Abstract

Introduction: Diagnostic laparoscopy is now frequently used for small bowel obstruction
with a varying degree of success. However, emergency laparoscopic resection of
gangrenous small bowel has not yet been reported in the English literature. We report
the world first case of successful laparoscopic assisted resection of gangrenous small
bowel in a 64 year old female with an excellent postoperative outcome.
Presentation of Case: A 64 years old woman with a virgin abdomen presented
with a clinical and radiological features of small bowel obstruction. The patient was
hemodynamically stable with mild central abdominal distension and tenderness but
there was no guarding or rebound tenderness. On diagnostic laparoscopy a loop of
gangrenous small bowel was noted secondary to an adhesion band. The patient had a
successful laparoscopic assisted resection and extra-corporal anastomosis of the small
bowel with an excellent postoperative outcome.
Discussion: Diagnostic laparoscopy plays a vital role for the diagnosis and treatment
of selected cases of small bowel obstruction in a virgin abdomen. However, appropriate
patient selection as well as the availability of a skilled laparoscopic surgeon is off
paramount importance for a successful outcome. Contrast enhanced CT scan is also
a useful tool for appropriate patient selection. The morbidity of laparotomy can often
be avoided in presence of a skilled laparoscopic surgeon.
Conclusion: Laparoscopic approach can be attempted in selected patients with first
episode of SBO and/or anticipated single band obstruction. Similarly, gangrenous
small bowel can be resected laparoscopically in highly selected patients in the presence
of an experienced laparoscopic surgeon.

How to Cite
1.
Dilip Dan SIP. Laparoscopic Resection of Gangrenous Small bowel with acute small bowel obstruction – World’s First reported case. ijmhs [Internet]. 28Mar.2019 [cited 25Apr.2019];9(3):354-9. Available from: http://innovativejournal.in/index.php/ijmhs/article/view/2493
Online First
Mar 28, 2019
Abstract Views
34
XML Downloads
0
PDF Downloads
28
Creative Commons License
This work is licensed under a Creative Commons Attribution 4.0 International License.

Introduction

Laparoscopic surgery has been established as a preferred method of surgery in almost every field of elective surgery. The unique benefits of this minimally invasive technique in both peri and postoperative period are now well recognized by the surgeons as well as by the patients. Many complex procedures are now performed laparoscopically than ever before. Emergency surgeries are also not left behind. Its role in emergency surgery is also rapidly gaining momentum amongst many general and laparoscopic surgeons. Although surgeons have been using laparoscopy for adhesive small bowel obstruction for quite some time, its exact role in this management is yet to be established. Different case series have documented various degrees of success. However, in all of these series immediate open conversions were performed, once gangrenous bowel was found on diagnostic laparoscopy. To the best of our knowledge, emergency laparoscopic resection of gangrenous small bowel for intestinal obstruction has not yet been reported in the English literature. Open conversion still remains the standard approach. We here by reporting the world’s first case of successful laparoscopic resection of gangrenous small bowel in a patient presented with acute small bowel obstruction.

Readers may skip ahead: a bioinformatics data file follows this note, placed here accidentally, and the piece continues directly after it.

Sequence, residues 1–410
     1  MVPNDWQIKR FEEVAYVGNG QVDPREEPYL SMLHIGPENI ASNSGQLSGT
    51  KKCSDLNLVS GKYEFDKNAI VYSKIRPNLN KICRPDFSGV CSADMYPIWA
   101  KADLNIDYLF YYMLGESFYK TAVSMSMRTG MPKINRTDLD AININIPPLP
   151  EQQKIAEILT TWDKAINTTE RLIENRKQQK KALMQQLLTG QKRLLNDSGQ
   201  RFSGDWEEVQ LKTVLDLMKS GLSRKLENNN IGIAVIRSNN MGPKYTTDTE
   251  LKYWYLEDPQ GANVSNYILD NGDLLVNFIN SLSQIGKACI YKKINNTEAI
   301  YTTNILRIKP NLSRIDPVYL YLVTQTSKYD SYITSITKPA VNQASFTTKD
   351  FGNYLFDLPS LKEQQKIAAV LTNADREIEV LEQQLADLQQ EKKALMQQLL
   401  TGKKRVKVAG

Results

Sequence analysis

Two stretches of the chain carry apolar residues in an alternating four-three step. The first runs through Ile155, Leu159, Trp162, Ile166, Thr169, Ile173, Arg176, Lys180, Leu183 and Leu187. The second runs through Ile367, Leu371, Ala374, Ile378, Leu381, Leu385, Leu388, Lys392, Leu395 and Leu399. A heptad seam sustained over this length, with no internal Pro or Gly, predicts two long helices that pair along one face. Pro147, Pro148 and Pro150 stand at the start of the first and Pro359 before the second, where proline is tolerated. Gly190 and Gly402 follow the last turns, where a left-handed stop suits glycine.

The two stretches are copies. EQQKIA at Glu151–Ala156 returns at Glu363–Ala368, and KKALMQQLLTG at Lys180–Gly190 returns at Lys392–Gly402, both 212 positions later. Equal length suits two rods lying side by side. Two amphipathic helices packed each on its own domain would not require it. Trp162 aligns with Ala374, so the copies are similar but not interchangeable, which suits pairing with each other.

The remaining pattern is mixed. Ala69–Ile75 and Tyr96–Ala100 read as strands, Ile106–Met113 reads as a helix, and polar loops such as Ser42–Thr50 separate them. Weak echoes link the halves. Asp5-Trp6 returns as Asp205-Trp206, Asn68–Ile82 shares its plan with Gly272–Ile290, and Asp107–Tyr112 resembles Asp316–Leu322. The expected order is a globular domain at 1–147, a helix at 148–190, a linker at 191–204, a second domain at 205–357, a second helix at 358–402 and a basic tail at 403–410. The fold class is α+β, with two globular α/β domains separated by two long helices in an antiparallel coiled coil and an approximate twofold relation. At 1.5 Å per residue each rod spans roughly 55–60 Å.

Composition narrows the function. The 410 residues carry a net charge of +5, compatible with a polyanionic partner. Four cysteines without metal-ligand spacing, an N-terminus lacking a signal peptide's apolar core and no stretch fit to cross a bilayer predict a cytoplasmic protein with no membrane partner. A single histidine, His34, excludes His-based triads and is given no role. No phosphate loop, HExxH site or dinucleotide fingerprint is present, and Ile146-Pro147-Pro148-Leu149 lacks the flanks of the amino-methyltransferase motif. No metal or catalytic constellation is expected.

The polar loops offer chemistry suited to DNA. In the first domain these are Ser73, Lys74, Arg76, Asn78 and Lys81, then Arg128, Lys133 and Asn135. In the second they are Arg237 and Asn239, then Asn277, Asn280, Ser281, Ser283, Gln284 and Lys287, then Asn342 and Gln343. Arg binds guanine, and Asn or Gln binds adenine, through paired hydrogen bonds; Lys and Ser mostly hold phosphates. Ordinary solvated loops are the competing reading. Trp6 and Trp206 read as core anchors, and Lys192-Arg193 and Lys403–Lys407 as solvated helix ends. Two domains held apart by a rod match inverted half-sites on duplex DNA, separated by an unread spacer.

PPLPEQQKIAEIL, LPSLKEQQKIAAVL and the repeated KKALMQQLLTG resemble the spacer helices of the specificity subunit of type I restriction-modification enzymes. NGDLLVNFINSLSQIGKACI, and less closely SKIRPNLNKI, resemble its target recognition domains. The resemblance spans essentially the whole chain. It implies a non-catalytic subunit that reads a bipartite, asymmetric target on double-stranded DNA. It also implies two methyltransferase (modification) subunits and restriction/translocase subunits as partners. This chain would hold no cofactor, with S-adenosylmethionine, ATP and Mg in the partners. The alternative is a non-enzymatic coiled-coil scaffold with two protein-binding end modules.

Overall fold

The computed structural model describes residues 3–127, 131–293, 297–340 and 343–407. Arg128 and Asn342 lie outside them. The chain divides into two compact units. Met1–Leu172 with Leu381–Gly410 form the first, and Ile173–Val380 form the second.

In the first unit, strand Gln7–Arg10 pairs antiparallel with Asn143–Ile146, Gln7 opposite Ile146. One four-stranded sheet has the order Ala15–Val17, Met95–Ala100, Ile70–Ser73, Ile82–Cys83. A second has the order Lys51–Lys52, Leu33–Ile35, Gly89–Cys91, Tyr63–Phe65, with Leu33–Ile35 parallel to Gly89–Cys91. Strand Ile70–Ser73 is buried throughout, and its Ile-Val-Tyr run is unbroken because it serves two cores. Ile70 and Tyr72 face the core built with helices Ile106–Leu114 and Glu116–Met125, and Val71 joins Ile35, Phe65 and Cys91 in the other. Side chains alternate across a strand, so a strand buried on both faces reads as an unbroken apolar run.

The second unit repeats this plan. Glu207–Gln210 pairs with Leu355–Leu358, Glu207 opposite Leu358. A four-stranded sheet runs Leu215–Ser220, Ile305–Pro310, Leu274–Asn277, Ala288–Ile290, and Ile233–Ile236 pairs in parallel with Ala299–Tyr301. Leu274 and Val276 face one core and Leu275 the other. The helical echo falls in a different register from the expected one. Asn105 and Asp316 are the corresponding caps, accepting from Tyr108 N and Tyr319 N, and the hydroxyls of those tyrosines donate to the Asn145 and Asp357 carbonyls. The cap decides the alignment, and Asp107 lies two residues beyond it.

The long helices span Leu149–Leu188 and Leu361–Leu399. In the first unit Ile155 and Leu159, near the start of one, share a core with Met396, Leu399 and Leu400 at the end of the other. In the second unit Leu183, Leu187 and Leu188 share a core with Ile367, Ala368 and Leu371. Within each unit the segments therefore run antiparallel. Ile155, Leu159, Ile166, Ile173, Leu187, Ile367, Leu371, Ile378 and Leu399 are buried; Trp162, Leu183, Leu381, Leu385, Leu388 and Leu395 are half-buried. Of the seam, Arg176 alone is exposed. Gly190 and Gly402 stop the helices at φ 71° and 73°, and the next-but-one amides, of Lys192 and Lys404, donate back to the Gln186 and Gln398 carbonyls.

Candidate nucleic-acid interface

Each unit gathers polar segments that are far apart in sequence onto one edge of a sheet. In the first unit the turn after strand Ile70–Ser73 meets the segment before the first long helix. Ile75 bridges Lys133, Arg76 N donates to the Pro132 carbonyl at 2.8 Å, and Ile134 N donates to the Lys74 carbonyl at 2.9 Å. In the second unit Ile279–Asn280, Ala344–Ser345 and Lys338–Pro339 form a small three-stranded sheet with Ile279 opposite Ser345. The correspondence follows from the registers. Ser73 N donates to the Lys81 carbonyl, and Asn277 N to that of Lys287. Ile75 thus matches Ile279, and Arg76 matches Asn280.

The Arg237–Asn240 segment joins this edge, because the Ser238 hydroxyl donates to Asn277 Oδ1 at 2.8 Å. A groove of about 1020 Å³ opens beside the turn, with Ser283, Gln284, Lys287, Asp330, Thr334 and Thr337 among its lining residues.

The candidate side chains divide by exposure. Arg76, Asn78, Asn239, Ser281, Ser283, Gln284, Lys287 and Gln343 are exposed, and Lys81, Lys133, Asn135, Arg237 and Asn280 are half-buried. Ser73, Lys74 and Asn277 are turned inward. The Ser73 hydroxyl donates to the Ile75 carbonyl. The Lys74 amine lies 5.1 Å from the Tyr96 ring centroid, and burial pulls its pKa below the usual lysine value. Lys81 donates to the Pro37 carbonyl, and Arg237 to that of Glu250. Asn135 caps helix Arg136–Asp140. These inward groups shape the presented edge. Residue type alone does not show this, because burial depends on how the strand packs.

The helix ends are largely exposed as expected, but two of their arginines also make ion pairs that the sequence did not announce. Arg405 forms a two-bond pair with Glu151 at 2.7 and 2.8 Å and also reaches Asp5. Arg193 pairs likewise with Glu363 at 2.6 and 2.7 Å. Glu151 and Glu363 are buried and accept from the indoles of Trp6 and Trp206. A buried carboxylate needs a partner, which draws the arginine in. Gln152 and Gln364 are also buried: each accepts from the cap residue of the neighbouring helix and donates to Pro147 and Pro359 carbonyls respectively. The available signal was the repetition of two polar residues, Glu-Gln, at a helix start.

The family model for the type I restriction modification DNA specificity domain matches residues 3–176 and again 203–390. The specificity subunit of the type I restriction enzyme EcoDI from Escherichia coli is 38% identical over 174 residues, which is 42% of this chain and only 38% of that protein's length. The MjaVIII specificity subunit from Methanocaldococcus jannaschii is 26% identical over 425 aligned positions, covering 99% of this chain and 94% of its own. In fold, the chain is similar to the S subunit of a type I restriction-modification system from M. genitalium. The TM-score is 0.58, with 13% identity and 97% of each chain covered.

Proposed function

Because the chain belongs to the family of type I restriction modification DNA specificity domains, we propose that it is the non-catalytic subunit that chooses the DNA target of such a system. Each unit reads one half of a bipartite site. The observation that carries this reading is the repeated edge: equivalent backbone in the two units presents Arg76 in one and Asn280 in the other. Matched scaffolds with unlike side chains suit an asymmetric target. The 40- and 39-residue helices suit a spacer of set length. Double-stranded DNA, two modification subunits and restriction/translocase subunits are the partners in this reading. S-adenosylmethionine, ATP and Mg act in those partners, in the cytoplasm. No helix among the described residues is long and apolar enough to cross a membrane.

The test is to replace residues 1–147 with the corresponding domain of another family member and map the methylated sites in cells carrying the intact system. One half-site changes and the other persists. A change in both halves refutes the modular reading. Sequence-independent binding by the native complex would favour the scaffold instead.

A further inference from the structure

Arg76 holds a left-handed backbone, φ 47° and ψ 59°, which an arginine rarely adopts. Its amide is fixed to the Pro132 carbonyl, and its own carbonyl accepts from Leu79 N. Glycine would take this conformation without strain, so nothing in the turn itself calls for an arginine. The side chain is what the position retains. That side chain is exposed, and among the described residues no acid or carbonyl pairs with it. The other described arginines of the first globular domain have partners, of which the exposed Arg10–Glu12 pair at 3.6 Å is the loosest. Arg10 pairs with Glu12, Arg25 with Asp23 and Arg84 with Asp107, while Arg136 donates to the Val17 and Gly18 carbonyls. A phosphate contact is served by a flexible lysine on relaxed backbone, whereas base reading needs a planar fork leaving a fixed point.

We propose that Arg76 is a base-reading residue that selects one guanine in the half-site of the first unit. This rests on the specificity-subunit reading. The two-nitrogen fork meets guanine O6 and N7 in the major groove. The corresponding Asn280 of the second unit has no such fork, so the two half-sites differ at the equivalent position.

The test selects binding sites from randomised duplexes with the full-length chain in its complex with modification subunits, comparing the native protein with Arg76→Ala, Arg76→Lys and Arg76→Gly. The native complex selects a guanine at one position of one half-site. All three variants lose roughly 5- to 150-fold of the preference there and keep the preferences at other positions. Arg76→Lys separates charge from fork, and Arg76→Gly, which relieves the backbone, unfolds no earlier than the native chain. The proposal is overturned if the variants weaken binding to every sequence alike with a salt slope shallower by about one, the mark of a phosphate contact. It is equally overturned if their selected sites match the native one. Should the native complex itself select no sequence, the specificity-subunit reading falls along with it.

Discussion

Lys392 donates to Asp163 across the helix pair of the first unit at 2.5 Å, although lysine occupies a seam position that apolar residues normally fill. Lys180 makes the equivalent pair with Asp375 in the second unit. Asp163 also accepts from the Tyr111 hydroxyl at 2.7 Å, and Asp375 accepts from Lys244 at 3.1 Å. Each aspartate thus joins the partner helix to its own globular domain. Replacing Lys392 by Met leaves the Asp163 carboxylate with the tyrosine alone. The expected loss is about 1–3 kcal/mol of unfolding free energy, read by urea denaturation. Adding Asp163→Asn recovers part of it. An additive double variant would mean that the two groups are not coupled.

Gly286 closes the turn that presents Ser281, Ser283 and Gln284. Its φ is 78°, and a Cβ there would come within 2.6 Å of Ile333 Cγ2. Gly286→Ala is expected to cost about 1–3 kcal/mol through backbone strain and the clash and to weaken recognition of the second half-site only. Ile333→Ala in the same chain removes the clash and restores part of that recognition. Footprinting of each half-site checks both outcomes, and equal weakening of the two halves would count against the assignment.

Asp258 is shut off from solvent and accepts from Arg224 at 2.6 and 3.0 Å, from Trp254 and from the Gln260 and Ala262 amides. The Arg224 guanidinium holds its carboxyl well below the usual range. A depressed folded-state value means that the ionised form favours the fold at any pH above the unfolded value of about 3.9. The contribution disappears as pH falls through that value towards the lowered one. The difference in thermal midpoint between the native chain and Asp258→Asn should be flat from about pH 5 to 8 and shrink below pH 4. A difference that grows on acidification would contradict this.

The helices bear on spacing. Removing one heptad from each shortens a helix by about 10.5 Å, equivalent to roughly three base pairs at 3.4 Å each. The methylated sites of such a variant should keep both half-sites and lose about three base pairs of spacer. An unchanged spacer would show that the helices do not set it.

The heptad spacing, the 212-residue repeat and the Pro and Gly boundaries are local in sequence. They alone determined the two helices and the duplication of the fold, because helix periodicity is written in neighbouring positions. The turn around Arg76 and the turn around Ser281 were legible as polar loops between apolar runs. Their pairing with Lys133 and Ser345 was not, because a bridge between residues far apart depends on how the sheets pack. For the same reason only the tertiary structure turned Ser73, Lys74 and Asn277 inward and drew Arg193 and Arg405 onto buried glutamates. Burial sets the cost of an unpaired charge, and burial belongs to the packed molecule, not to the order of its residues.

The Case:

A 64 year old woman presented to our accident and emergency department with one day history of central abdominal pain and vomiting. The patient reported that her condition had worsened over the last 6 hours and had not passed any flatus for the last 24hrs. The patient gave no history of change of bowel habit (COBH) or any other constitutional symptoms suggestive of colorectal tumors. She was hypertensive and had no previous abdominal surgery.

On examination in the Accident and Emergency department, the patient was comfortable and her mucous membranes were pink but dry. She was normotensive with a pulse of 84 beats per minute and her SPO2 was 98% on room air. Abdominal examination revealed mild central abdominal distension with moderate tenderness in the epigastric region on palpation but there was no guarding or rebound tenderness. There was no palpable mass or hernia noted. Digital rectal examination was normal.

Investigations

Blood investigations revealed an elevated WBC with a normal Hb and a normal renal function test.

Plain abdominal radiographs demonstrated dilated loops of small bowel.

A CT scan of abdomen and pelvis with intravenous contrast revealed small bowel obstruction with dilated proximal and collapsed distal small bowel. The CT scan also showed moderate free fluid in the abdomen but there was no radiological evidence of any ischemic bowel or any free air ( Figure 1 , Figure 2 ).